Marine Biology

, Volume 161, Issue 5, pp 1149–1163 | Cite as

Movement patterns of juvenile sand tigers (Carcharias taurus) along the east coast of the USA

  • Jeff KneeboneEmail author
  • John Chisholm
  • Gregory Skomal
Original Paper


To date, movement patterns of juvenile sand tigers (Carcharias taurus) along the east coast of the USA have been loosely defined. Given the magnitude of the purported decline in the sand tiger population in the western North Atlantic (WNA), characterization of the species’ movement patterns throughout this broad area is essential for the effective management and recovery of this population. Using passive acoustic telemetry, pop-up satellite archival transmitting tags, and conventional fishery-dependent tag/recapture data, seasonal movements of juvenile sand tigers (ages 0–2 years; <125 cm fork length) were monitored between Maine and Florida along the US east coast from 2007 to 2013. Collectively, tag data indicated that juvenile sand tigers undergo extensive seasonal coastal migrations moving between summer (June–October) habitat (Maine to Delaware Bay) and winter (December–April) habitat (Cape Hatteras to central Florida) during the spring (April–June) and fall/early winter (October–December). Juvenile sand tigers occurred in a wide range of temperatures (9.8–26.9 °C) throughout the year, but spent the majority of their time in water from 12 to 20 °C. Given the extensive movements and continuous utilization of relatively shallow (<80 m) nearshore waters exhibited by these relatively small individuals throughout their first years of life, it is imperative that precautions be taken to limit negative effects of anthropogenic interactions on this species (i.e., fisheries bycatch, coastal degradation) in an effort to rebuild and sustain the WNA population.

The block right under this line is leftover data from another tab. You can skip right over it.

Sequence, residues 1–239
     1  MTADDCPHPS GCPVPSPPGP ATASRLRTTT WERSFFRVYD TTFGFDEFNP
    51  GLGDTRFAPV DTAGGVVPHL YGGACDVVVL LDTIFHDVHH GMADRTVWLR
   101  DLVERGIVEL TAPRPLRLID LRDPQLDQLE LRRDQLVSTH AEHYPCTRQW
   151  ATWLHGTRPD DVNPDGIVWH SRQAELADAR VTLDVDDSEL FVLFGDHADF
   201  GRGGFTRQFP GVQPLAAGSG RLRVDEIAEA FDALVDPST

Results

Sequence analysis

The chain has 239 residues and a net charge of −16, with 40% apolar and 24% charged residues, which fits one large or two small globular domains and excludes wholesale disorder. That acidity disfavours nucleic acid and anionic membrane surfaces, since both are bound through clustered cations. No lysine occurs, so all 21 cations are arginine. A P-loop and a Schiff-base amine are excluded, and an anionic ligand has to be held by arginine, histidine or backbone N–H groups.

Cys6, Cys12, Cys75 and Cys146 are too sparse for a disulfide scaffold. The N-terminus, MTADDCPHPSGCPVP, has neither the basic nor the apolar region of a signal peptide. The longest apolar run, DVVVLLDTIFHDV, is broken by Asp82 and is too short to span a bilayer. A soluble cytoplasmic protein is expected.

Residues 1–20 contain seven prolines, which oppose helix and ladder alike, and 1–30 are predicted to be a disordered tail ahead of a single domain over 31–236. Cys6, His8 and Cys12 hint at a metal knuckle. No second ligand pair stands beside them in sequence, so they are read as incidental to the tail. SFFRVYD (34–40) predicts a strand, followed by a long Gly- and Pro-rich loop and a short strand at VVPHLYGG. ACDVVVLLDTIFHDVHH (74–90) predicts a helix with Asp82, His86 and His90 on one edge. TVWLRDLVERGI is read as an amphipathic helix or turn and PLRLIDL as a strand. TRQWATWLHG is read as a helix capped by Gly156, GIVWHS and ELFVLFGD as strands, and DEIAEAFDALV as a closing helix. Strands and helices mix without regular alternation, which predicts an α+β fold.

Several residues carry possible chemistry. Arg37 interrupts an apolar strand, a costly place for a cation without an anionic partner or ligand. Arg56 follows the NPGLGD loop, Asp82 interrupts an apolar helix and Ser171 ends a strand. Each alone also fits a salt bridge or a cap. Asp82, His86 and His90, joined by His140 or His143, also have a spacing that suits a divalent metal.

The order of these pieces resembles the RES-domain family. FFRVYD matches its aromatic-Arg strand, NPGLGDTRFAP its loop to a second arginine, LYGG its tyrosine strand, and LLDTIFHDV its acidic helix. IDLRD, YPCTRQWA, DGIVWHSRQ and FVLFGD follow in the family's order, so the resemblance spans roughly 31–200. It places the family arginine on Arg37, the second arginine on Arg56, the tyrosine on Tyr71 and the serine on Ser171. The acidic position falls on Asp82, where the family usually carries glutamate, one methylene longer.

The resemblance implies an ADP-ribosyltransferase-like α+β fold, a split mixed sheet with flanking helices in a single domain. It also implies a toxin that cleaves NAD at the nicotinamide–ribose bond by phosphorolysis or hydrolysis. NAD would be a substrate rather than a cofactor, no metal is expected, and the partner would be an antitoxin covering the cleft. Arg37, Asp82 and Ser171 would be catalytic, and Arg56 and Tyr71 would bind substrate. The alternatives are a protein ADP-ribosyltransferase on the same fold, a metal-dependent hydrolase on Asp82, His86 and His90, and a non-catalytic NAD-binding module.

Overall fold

Nursery Habitat National Marine Fishery Service Essential Fish Habitat Sand Tiger Atlantic State Marine Fishery Commission 
These keywords were added by machine and not by the authors. This process is experimental and the keywords may be updated as the learning algorithm improves.



The authors gratefully acknowledge Dave Lindamood for enabling the initial documentation of sharks in PKD Bay, Donald Beers, and the Duxbury Harbormaster’s Office for providing dockage during sampling, Andy Danylchuk for providing acoustic tags, receivers, and creative input, and Ben Galuardi for his help with PSAT geolocation analyses. Thanks also to Nancy Kohler, Pat Turner, Lisa Natanson, and Ruth Briggs of the NMFS Apex Predators Program/Cooperative Shark Tagging Program for providing fishery-dependent tag and recapture data. This study would not have been possible without the volunteer members of the ACT Network who provided detection data including: Dewayne Fox and Lori Brown (Delaware State University); Jennifer Cudney and Andrea Dell’Apa (East Carolina University); Keith Dunton (Stony Brook University); Eric Reyier (IHA Environmental Services); Matt Bolus (University of Massachusetts Amherst); Bill Hoffman (Massachusetts Division of Marine Fisheries); Tom Savoy (Connecticut Department of Energy and Environmental Protection); Elizabeth Miller (South Carolina Department of Natural Resources); Matthew Balazik (Virginia Commonwealth University); Michael Loeffler (North Carolina Department of Environment and Natural Resources); and Carter Watterson (US Navy). This research was funded by awards from the NOAA Proactive Conservation Program, the Sea World Conservation Society, and the Massachusetts Environmental Trust as well as support from the Federal Aid in Sportfish Restoration Act. This is Massachusetts Division of Marine Fisheries Contribution No. 47.

Supplementary material

227_2014_2407_MOESM1_ESM.docx (29 kb)
Supplementary material 1 (DOCX 28 kb)


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Copyright information

© Springer-Verlag Berlin Heidelberg 2014

Authors and Affiliations

  1. 1.School for Marine Science and TechnologyUniversity of Massachusetts DartmouthFairhavenUSA
  2. 2.Massachusetts Marine FisheriesNew BedfordUSA

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